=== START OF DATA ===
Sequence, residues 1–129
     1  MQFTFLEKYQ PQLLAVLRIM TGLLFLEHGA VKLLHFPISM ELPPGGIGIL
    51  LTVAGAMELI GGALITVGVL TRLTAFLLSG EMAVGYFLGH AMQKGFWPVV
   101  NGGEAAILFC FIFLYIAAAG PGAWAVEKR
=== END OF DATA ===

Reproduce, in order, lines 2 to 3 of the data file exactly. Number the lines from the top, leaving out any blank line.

     1  MQFTFLEKYQ PQLLAVLRIM TGLLFLEHGA VKLLHFPISM ELPPGGIGIL
    51  LTVAGAMELI GGALITVGVL TRLTAFLLSG EMAVGYFLGH AMQKGFWPVV